By 2030, there will be a host of new multi-dimensional experiences enabling consumers to more directly interact with their environment. Individuals and groups will be able to not only watch or listen to content, but interact with it, to become part of the story, being active participants in the experience. Vastly different and complex production requirements to create such immersive levels of interaction will emerge, allowing content to thrive in new form factors. Companies and brands will be able to bridge the divide between physical and digital experiences transcending physical reality to enable consumers to see and do things in a way they have never experienced before. Companies will be able to push the boundaries of how they can excite, entertain and inform using these new creative capabilities.

Building more diverse skill sets in future creative talent

Today, most paths to creative careers are relatively single skill-based. In the future we will see a hybrid of skills in which people will need to be far more flexible in creating content; tapping into experiences of their own and expressing it through creative elements to enable new immersive technologies. Companies will need to develop the creative talent of the future, building a diverse set of skills and talent to capitalize on the dynamism of the technology that can enable the gamified experience of the future. The primary inhibitor to this future is making sure that we train a new generation of talent that knows how to work with this new creative palate.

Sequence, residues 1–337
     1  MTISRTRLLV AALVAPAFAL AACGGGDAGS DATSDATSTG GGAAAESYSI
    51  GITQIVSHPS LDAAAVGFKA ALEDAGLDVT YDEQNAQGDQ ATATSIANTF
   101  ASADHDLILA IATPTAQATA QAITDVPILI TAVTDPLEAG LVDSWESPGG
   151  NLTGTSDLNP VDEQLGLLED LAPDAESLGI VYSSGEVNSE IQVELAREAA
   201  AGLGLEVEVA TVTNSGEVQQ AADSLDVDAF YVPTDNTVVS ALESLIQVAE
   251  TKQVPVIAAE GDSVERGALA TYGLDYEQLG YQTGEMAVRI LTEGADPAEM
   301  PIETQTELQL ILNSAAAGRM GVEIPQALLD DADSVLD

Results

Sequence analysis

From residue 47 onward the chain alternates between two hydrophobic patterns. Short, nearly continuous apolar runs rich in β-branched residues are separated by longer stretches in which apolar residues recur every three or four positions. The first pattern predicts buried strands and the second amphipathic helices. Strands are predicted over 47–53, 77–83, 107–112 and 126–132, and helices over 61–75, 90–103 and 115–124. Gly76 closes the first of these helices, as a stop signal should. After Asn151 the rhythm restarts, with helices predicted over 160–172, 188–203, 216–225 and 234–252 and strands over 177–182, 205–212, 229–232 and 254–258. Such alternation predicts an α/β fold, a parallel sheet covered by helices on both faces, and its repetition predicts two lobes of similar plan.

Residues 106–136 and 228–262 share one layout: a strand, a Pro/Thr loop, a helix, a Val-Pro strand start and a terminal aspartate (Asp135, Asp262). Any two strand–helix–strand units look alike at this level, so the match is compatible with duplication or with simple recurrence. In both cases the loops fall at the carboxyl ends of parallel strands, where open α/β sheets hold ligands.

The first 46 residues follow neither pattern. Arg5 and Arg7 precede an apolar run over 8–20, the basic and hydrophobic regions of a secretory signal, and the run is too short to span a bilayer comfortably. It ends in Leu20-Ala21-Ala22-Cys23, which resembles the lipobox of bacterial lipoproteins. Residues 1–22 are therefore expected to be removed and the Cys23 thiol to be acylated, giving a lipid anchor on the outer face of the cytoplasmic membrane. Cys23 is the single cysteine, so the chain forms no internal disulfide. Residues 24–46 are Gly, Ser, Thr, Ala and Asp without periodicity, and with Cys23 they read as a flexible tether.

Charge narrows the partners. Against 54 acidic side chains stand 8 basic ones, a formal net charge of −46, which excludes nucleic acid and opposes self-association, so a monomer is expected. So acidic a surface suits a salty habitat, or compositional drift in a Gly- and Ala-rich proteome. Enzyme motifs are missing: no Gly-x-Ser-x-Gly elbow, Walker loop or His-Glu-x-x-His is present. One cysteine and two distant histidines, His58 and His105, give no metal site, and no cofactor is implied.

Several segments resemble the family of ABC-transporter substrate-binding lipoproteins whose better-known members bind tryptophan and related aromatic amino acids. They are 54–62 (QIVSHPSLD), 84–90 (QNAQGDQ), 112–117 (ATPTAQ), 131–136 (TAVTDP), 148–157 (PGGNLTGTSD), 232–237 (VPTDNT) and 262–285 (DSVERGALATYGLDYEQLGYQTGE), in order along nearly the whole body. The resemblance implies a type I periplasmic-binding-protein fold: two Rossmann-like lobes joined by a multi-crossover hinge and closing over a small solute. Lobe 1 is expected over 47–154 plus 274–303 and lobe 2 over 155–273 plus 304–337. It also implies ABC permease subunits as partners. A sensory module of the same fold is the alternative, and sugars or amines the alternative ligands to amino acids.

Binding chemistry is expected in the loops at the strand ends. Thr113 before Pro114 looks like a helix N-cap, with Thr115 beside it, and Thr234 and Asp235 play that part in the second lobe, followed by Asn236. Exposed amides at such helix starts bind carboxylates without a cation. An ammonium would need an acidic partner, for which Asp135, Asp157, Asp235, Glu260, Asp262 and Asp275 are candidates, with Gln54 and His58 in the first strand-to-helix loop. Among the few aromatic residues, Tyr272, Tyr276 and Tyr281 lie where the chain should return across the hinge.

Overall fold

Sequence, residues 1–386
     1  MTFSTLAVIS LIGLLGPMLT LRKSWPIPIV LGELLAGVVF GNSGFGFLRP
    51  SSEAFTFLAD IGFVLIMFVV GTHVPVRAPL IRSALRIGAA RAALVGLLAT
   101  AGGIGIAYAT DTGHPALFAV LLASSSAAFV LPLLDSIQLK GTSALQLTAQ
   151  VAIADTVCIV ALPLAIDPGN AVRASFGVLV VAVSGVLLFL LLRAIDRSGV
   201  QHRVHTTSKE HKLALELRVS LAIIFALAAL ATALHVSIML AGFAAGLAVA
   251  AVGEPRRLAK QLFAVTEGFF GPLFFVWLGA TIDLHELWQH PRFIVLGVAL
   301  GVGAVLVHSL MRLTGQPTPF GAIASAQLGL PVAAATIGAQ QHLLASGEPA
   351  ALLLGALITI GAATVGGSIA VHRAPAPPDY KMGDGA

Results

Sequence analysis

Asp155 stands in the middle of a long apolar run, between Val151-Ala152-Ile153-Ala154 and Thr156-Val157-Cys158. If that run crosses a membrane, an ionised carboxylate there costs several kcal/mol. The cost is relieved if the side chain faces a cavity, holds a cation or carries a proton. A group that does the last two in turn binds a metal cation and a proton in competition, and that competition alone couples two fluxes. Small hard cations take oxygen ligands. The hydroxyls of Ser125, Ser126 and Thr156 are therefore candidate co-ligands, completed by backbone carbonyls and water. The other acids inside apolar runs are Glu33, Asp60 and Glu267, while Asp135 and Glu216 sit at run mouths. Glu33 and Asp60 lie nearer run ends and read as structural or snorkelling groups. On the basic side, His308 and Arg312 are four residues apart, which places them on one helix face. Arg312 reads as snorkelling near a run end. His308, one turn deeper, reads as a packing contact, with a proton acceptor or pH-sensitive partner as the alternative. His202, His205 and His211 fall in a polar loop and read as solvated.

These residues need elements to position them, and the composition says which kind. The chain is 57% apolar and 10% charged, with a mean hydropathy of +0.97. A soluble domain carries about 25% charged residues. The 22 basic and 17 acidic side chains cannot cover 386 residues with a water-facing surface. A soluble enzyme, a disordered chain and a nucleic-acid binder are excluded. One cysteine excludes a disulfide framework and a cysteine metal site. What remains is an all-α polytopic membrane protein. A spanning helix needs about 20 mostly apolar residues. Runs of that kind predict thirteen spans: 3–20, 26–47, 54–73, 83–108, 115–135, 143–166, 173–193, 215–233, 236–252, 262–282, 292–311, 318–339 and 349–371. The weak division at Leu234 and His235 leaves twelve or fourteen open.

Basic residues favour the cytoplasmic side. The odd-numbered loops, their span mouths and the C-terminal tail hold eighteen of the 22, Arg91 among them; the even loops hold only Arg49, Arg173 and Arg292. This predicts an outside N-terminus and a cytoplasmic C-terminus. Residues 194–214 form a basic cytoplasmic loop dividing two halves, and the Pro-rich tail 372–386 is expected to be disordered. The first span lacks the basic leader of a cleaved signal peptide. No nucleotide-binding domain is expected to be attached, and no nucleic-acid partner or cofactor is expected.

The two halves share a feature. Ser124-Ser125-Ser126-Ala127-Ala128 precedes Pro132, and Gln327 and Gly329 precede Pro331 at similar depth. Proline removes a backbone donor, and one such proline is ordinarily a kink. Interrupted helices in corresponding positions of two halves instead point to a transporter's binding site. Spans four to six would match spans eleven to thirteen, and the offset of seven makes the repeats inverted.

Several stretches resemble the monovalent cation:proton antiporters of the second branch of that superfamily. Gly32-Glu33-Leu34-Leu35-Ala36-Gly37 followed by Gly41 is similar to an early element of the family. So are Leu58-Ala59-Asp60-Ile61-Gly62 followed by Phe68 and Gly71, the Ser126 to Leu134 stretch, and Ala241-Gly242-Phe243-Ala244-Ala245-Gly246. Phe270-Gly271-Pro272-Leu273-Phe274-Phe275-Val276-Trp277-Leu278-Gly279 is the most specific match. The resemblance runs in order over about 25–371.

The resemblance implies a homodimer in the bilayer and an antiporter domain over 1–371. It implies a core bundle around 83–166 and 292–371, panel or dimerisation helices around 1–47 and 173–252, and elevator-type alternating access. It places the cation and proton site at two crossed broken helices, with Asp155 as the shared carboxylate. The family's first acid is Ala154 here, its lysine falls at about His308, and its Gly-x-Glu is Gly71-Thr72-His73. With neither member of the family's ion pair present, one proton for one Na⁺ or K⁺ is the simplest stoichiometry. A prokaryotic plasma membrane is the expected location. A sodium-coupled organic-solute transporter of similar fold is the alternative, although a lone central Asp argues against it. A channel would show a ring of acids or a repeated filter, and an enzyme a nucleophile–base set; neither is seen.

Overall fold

Digital transformation will drive vertical integration

TMT companies need to focus today on the digital transformation of new consumer experiences, services and business models. The path to the future is not simply digitizing old businesses but truly leaning into the dynamics of what digital can do for consumers and for businesses. They must either plug into or own a vertically integrated experience today to remain competitive tomorrow. This will be further driven as the TMT sector continues to converge and companies see true vertical integration between content distribution and data.